Juxtapoz // Monday, June 29, 2015
Creating an animated television series for Nickelodeon would seem to be a dream endeavor for any artist, and from what I gathered spending the day at the Nickelodeon Animation Studio with Sanjay and Craig creators, Jay Howell and Jim Dirschberger, it is as much fun as it looks. Jay and Jim have developed a special relationship, one that stretches beyond creative collaboration and into the friendship that is at the heart of their show...
Juxtapoz // Friday, June 19, 2015
Ben Venom is a badass quilter. I had the opportunity to visit his studio in San Francisco’s Haight Ashbury and see his fine German threads, boxes of old leather jackets, and mountains of used jeans and T-shirts used to craft these massive quilts. Full of occult symbology, each one could be a cozy centerpiece for a satanic ritual. Venom earned his nickname as a teenager, and he is a self-taught, one-man show with a standard sewing machine, whose upcycled art represents his community and his subcultural interests...
Fashion // Tuesday, June 16, 2015
When you walk into the studio of Takashi Murakami on the outskirts of Tokyo, there is a meticulously arranged lineup of shoes that belong to the staff in the building. As is customary, visitors remove their shoes and wear a pair of sandals provided for them. To the left of the entryway, you are struck by a dozen or so pairs of classic, eggshell white Vans Slip-Ons. The owner of these is obvious: Murakami has a very particular taste.
Juxtapoz // Wednesday, June 10, 2015
Undeniably, the human form fascinates. It has caught the imagination like no other subject in recorded history. In his introduction to Drawing People: The Human Figure In Contemporary Art, Roger Malbert, senior curator of Hayward Touring at the Hayward Gallery, Southbank Centre, London and contributor to many esteemed publications, writes, “Drawings give access to the obsessions, sense of humour, emotions and fantasies of their creator...
Juxtapoz // Wednesday, May 27, 2015
There are two pivotal moments in FAILE’s career that stand out from the rest. The Times Square mural painted in 2013 was a reminder of the majestic size and overall collage aesthetic style their work can capture at its fullest, and the extent by which street art can be its most pop-centric. And, of course, Les Ballets de Faile installation at the New York City Ballet in 2013, a piece of art that was a literal monument connecting urban imagery with the high performance art that is the ballet. These two extremes perfectly define what FAILE is and has become; a balance between both outdoor and indoor presentations that reimagine the space they inhabit in a way that magnifies their art.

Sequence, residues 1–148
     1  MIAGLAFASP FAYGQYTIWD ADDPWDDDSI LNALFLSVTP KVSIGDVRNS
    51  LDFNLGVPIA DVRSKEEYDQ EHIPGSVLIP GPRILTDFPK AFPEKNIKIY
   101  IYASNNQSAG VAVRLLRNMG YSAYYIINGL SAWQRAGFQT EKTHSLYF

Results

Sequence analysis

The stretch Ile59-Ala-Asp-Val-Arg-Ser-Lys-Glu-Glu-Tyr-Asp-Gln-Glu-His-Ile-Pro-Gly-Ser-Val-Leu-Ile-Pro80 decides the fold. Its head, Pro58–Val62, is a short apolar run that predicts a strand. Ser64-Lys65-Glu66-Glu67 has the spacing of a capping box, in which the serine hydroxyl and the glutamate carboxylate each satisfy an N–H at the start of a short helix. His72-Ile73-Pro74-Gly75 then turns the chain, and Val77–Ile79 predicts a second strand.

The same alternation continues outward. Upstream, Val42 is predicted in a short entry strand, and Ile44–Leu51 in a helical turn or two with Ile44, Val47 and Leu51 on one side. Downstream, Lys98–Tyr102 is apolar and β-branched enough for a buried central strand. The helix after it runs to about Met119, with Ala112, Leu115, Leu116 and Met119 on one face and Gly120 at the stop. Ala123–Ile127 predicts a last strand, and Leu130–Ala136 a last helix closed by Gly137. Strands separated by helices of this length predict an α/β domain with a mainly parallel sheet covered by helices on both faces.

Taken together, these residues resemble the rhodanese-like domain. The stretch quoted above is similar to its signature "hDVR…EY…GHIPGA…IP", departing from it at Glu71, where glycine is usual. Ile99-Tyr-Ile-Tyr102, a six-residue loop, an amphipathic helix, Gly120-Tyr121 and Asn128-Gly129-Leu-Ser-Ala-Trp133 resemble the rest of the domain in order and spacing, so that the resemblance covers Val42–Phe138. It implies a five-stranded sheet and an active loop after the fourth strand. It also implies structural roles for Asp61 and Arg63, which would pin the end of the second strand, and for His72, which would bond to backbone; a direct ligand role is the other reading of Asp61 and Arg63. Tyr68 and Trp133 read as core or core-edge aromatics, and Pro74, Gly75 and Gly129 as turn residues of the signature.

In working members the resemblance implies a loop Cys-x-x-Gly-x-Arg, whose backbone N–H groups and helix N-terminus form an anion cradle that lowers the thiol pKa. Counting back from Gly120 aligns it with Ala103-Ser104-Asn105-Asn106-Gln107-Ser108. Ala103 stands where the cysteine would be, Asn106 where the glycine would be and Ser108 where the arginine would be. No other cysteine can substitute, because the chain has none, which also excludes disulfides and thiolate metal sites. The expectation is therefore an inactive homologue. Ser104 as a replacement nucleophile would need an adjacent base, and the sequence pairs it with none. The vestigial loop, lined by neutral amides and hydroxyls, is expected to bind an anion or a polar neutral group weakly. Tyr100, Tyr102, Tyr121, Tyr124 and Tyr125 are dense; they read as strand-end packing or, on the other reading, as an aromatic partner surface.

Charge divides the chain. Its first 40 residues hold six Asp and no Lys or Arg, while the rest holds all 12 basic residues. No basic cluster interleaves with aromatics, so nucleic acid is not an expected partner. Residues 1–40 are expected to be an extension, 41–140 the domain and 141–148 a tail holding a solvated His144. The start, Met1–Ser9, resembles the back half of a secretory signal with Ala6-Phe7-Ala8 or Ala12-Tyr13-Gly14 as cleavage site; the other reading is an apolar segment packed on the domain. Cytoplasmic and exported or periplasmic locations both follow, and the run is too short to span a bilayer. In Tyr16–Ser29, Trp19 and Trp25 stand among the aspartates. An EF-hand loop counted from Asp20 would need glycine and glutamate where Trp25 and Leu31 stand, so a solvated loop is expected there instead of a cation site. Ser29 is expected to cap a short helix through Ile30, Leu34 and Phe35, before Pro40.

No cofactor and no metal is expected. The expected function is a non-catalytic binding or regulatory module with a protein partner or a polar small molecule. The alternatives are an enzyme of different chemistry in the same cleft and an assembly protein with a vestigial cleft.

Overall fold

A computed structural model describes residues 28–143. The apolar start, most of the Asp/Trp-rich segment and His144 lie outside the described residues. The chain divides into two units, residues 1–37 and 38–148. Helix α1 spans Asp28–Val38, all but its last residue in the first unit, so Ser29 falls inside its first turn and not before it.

Juxtapoz // Tuesday, May 19, 2015
Picture Michelle Guintu rolling in R. Kelly’s private jet, draped in a pink mink, sipping Cristal to the sounds of “I believe I can fly” (obviously). This is most likely how she’ll end up. She just designed a T-shirt for Skrillex. Who knows what’s next? She paints throwback icons and celebrities, reminding us to show respect, while elevating their memory and paying tribute to their influence on young, malleable teenage identities worldwide...
Juxtapoz // Thursday, May 14, 2015
"How do you get started?" That question, or some version of it, is probably the most frequent subject of emails from younger artists. It's a valid question. However, the answer is remarkably simple: you just start. Now, I know that feedback probably sounds almost dismissive and/or naive. And I know that the underlying question is more, "How do you make money as an artist?" But the answer remains the same...
Juxtapoz // Wednesday, May 13, 2015
The colors of Cheech Marin are vibrant and multifaceted. Popularly recognized as half of the legendary comic duo Cheech and Chong, what many people don't know is that Cheech is arguably the most important collector of Chicano art in the United States, if not the world...
Juxtapoz // Thursday, April 16, 2015
Over the last couple of years, Hiro Murai has emerged as a saught-after director for some of our favorite artists including Shabazz Palaces, St. Vincent and Spoon. More recently, Murai was behind Flying Lotus and Kendrick Lamar’s “Never Catch Me,” Childish Gambino’s “Sober,” and Earl Sweatshirt's "Grief." Whether it’s referencing hyperreal sculptor Ron Mueck or seeking to capture that “slippery, uneven feeling” of dreams, Murai gives us some insight into what feeds his imagination.
Juxtapoz // Monday, April 13, 2015
It’s been a pleasure getting to know this artistic super duo over the past seven years, and I’ve just plain been impressed with them as people—and not just for their koala-jitsu skills. We recently sat down in my studio to catch up and got to talking about everything from the sets they’re designing for the MTV Movie Awards to traveling the world painting large-scale murals. I really can’t thank Dabs and Myla enough for saving me that day.